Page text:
We had the good fortune of connecting with Patrick Ward and we’ve shared our conversation below.
Hi Patrick, can you walk us through the thought-process of starting your business?
When first entering the pandemic lockdown a year ago, 2 thoughts entered my mind. (1) I’m very lucky to still be employed and (2) what am I going to do with all this extra time on my hands. Needless to say, that’s where the genesis for my business originated and thus NanoGlobals was born. A product of my personal experience in outsourcing, remote team management, and software development, NanoGlobals seemed to be the natural business for me to start – a platform to educate a burgeoning class of distributed tech & SaaS companies about the tools they needed to succeed as well as their buyers as to what to look out for when purchasing B2B solutions.
It seemed a natural fit – not only by constructing a business around my experience was I making it a relatively easy task, it also allowed me to create an asset that would complement my day job. Sure enough, this was how my employer, Rootstrap, perceived it. Not every company is enlightened on this front, but there are many lessons to be gained from Rootstrap’s approach: namely, if your employees are pushing themselves and innovating, they are creating new skills for themselves which will ultimately benefit your business. With clear expectations that NanoGlobals would not impact my workload for Rootstrap, the benefits clearly prevailed.
What should our readers know about your business?
Born out of the pandemic, NanoGlobals was a business I hadn’t even conceived of beginning at the start of 2020. With the re-evaluation that we all went through, starting a business during this time period of unprecedented turmoil seemed a sensible decision.
Why’s that? Because if you start a business in uncertain times and survive, you’ll be in a position to thrive in the good times. Setting up NanoGlobals with a structure that minimized the business’ risk was crucial – leveraging overseas talent on a project by project basis for a digital-first platform that has limited overheads and ongoing liabilities. In this way, the business has solvency baked into the model from the outset.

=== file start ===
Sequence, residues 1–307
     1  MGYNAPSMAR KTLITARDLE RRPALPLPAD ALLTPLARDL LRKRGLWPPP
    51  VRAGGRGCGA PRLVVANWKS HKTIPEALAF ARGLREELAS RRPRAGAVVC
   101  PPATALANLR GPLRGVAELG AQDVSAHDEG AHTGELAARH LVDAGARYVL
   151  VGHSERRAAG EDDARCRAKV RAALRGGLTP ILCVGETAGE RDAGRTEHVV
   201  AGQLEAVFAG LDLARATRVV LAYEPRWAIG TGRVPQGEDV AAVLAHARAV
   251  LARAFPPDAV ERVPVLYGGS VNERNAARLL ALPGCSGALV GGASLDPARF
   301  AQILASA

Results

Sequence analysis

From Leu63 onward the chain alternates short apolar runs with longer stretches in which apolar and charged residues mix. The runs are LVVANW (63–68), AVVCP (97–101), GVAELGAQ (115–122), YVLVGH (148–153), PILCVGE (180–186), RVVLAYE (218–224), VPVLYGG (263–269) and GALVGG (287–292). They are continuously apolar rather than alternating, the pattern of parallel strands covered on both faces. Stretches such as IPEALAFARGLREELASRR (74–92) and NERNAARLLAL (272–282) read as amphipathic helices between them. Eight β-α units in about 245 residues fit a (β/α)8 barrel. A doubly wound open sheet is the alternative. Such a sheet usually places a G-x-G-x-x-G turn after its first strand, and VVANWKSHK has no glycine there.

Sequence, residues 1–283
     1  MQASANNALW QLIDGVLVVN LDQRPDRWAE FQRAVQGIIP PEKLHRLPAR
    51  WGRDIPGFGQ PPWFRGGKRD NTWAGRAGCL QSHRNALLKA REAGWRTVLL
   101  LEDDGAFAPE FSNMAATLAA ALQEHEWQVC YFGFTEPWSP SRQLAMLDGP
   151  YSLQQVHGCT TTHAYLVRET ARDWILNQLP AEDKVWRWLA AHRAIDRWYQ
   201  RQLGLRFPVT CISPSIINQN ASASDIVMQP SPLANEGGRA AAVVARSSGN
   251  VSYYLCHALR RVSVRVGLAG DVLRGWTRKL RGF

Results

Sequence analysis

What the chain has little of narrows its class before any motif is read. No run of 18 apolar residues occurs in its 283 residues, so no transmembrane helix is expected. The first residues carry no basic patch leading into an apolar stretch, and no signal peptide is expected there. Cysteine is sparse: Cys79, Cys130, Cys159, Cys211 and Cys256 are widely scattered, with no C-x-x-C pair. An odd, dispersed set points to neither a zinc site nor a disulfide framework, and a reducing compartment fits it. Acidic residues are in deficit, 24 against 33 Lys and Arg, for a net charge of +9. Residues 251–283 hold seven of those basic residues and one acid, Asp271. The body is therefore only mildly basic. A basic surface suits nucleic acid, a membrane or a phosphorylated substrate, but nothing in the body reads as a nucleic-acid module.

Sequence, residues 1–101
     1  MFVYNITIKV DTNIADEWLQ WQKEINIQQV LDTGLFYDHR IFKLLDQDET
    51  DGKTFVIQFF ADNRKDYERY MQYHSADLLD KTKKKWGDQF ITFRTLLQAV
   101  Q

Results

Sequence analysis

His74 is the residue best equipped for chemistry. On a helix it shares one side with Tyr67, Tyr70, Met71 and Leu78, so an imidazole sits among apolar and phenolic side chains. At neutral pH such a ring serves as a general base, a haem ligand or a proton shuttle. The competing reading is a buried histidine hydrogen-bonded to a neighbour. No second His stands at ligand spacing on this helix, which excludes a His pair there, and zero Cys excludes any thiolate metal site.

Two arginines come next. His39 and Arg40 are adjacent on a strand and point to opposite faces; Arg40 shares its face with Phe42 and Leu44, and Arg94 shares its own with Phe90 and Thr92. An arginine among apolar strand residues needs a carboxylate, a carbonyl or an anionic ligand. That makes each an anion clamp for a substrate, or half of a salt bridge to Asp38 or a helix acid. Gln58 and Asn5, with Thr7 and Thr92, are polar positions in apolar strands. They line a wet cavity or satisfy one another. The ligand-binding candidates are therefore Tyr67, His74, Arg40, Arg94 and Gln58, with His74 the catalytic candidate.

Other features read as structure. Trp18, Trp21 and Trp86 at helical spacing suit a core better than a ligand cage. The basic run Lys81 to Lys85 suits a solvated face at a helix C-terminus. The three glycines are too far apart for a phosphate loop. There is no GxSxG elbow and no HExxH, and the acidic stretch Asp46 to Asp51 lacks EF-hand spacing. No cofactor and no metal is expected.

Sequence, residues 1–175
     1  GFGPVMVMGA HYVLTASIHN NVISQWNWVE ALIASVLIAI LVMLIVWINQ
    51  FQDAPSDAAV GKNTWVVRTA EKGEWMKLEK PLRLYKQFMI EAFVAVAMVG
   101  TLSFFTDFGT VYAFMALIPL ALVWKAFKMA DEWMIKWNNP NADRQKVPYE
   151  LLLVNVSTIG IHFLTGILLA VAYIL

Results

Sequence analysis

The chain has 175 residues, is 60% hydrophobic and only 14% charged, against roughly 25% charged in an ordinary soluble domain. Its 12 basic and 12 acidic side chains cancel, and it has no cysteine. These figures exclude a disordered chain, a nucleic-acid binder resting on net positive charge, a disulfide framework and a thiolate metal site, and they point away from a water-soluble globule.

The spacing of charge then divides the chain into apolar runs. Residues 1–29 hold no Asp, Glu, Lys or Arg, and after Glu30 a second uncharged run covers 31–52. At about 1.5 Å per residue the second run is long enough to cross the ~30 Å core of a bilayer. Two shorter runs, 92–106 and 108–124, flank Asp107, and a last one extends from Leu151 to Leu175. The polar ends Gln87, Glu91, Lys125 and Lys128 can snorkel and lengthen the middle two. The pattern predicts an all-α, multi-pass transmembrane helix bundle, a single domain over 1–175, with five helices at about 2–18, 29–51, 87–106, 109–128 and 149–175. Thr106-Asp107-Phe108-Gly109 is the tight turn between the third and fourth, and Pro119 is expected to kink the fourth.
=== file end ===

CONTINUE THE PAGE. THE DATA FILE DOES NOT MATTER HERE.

In addition, the lesson of starting this business is really a lesson for us all. Many glorify entrepreneurship in an unrealistic, Hollywood-esque way – the story of the high school or college dropout changing the world and making billions. Instead, learning from NanoGlobals – a business started during the pandemic, while I still have a day job, and based on my own experience – teaches us an important fundamental truth.
We all sit on a mound of personal experience that can be leveraged into a business – and we don’t have to give up our day job to ‘unsustainably grind and hustle’. That’s the type of entrepreneurship we should encourage around the world – sustainable business creation where people don’t ‘risk it all’ but instead create new innovations that make people’s lives a little bit easier.
If you had a friend visiting you, what are some of the local spots you’d want to take them around to?
Like most cities, LA hosts a number of tourist traps – overpriced, crowded, and, in truth, not that great attractions. While it’s tempting to focus on the places to visit, with any travel itinerary, the highlight for me is always the food. The winner here is hands-down San Gabriel Valley – we might think we have it ok on the Westside but as any local will tell you, if you want good food, you have to go East of Downtown LA.
Personal faves include Bopomofo Cafe, an Asian-American creation by Phillip Wang of Wong Fu Productions fame, and Boba Ave 8090, delicious milk & fruit teas with the best value-for-money happy hour special of Buy 1 Get 1. Aside from that, visiting the San Gabriel Mission is always a great peak back through California’s history (and it’s surprisingly quiet compared to the throngs that visit Santa Monica Pier).
Rounding out a day in LA, one has to stop by Arts District Brewery – old school skee ball, quirky draft pints and plenty of space makes a rare watering hole in LA that’s actually tolerable.
Who else deserves some credit and recognition?
As a manager, your direct reports mean everything to you. Their success is your success, especially when it comes to leading a team. But as we emerge from this pandemic, three of my team members (Andrea Fajardo, Shaun Kennedy & Daniel Luddy), have provided something beyond high quality work: emotional stability.
Needless to say, lockdown had its taxing moments for myself as an extrovert. The pressures of the pandemic affected us all in different ways, but together the four of us were able to stay positive and support one another emotionally, not just in the work capacity.
We did this through a no-pressure daily stand-up meeting to begin the work day. It might have seemed mundane, but at the end of 2020, when we retrospectively looked at the year that was, we all credited that single initiative to keeping us sane. I couldn’t be prouder as a manager for what we accomplished in 2020 and all credit goes to those three team members!